The role of vagus nerve was studied in the development of gastric mucosal damage induced by ethanol (ETOH). The investigations were carried out on Sprague-Dawley rats. The gastric mucosal damage was produced by i.g. administration of 1 ml 96% ETOH. Acute surgical vagotomy (ASV) was carried out 30 min, chronic surgical vagotomy (CSV) 14 days before the ETOH application. The animals were sacrificed at 0, 1, 5, 15, 60 min after ETOH. Evans blue (EB) (1 mg/100 g) was given i.v. 15 min before autopsy. The number and severity of lesions the EB accumulation of the gastric juice and gastric mucosa were noted. It was found, that: 1. The vascular permeability increased after ETOH treatment at an early state (within 1-5 min) in association to the macroscopic appearance of erosions. 2. The number and extension of lesions, the EB concentrations in gastric juice and gastric mucosa were significantly higher both after ASV and CSV. 3. Surgical vagotomy alone did not increase the vascular permeability. 4. No significant ulcer formation was observed in vagotomized rats without ETOH treatment. It was concluded, that 1. Both ASV and CSV enhanced the development of gastric mucosal injury induced by ethanol. 2. Neither acute nor chronic surgical vagotomy exerted an effect of the development of mucosal injury and vascular permeability without the application of the noxious agent. 3. The further increase of enhanced vascular permeability by vagotomy probably has an etiologic role in the aggravating effect of ASV and CSV on the development of chemical-induced lesions.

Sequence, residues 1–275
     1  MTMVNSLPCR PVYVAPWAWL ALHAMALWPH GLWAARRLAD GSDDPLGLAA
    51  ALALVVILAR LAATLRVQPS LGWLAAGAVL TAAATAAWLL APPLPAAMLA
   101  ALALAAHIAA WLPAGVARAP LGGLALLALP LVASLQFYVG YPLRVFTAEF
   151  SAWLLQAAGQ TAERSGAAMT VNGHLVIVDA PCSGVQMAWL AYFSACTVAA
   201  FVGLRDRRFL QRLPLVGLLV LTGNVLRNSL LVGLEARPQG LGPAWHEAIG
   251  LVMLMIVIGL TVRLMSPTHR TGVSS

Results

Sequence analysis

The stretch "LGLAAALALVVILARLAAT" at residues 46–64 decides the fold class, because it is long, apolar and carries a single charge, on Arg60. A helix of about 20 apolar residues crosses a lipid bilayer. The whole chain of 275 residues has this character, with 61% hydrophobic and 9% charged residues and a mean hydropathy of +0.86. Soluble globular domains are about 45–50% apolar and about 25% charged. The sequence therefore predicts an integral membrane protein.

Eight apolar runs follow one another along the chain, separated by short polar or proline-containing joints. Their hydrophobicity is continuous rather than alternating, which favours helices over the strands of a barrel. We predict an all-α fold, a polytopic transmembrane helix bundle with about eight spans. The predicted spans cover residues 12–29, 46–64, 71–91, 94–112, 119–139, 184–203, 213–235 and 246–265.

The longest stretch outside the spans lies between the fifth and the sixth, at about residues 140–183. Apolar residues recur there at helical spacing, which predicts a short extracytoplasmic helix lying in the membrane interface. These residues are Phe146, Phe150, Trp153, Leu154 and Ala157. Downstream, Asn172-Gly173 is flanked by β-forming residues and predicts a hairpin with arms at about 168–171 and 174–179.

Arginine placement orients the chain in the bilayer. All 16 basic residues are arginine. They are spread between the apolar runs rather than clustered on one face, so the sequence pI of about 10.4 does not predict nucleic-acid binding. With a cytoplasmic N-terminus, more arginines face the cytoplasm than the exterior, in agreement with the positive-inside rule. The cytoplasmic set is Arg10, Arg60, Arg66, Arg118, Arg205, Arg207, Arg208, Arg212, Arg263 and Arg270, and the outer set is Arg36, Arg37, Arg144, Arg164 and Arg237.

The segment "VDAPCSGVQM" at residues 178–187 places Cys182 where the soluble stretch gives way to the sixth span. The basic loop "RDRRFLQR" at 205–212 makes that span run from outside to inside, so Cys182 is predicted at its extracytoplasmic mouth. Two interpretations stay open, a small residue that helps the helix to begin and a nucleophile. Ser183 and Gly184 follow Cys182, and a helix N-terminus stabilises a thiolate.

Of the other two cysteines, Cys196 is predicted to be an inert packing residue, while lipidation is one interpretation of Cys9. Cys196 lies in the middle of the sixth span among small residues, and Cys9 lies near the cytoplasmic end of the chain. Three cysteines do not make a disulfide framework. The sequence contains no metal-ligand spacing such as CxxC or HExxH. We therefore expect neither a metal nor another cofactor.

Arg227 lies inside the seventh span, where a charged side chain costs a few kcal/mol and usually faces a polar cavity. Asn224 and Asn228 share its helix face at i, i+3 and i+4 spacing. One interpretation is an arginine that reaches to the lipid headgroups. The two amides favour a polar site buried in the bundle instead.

|Number of pages||6|
|Journal||Acta physiologica Hungarica|
|Publication status||Published - 1992|
ASJC Scopus subject areas
- Physiology (medical)